Carol Ann Duffy's The World's Wife

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Carol Ann Duffy’s The World’s Wife

‘The World’s Wife is a callous feminist attack on men’.

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Carol Ann Duffy’s The World’s Wife is a collection of poems mainly based around legend, myth and fairytale.
All of these poems feature male characters or references to them.

Little Red Cap, the first poem featured in the collection uses the story of Little Red Riding Hood to portray men as wolves

‘In his wolfy drawl, a paperback in his hairy paw’.

She implies that men are dangerous and violent.

‘The wolf, I knew would lead me deep into the woods, away from home, to a dark tangled thorny place’.

‘One bite, dead. How nice, breakfast in bed, he said.’

Also, Duffy implies the manipulative nature of men.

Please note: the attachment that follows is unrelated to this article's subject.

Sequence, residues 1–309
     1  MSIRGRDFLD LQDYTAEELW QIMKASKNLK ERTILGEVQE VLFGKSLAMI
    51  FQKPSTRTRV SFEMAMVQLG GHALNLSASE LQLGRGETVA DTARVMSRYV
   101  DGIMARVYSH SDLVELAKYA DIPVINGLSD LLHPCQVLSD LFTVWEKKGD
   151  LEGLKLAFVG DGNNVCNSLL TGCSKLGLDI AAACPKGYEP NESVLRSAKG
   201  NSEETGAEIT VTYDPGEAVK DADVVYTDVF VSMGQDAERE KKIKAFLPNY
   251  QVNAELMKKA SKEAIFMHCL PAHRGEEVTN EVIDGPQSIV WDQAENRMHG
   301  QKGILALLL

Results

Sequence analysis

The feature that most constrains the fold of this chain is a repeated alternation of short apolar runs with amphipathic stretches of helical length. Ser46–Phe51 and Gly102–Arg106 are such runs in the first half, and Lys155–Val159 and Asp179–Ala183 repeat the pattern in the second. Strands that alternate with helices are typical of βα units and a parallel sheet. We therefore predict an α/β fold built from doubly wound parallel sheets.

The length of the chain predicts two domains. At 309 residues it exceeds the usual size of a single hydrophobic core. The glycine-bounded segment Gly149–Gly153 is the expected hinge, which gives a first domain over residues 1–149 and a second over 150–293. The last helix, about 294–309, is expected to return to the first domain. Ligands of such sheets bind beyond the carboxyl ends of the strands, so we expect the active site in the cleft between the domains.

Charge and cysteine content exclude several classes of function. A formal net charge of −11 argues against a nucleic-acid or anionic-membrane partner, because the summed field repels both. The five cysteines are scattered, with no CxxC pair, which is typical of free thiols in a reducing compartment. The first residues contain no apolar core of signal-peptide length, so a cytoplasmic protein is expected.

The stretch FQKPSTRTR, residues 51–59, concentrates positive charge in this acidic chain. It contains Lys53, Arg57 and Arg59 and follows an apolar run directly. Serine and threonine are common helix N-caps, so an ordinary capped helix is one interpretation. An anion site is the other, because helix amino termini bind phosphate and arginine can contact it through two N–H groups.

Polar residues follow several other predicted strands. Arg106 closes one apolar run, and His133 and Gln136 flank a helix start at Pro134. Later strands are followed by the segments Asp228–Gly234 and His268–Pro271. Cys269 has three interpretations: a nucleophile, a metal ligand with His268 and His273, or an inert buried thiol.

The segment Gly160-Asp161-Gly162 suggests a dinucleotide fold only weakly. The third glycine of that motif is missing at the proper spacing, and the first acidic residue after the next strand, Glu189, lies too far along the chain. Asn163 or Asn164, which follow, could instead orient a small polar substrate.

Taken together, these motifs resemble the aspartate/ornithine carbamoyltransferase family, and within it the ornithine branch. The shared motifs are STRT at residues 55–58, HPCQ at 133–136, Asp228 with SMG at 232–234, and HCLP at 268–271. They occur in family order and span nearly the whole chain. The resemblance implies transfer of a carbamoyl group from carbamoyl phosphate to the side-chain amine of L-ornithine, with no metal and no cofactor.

’Lesson one that night, breath of the wolf in my car, was the love poem’.

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The poem indicates Duffy’s view that men are weak and easy to tempt with prospects of pleasures of the flesh.
’I made quite sure he spotted me, sweet sixteen, never been, babe, waif, and bought me a drink’.

This poem depicts in various derogatory terms, indicating an attack on men in general.

Thetis, the next poem to be found in the collection, looks at men from a different perspective. Whereas Little Red Cap portrays men as weak and pathetic, Thetis shows how men can be overpowering and possessive.
Throughout the poem, the woman is trying to escape from the man.
She changes herself into ...

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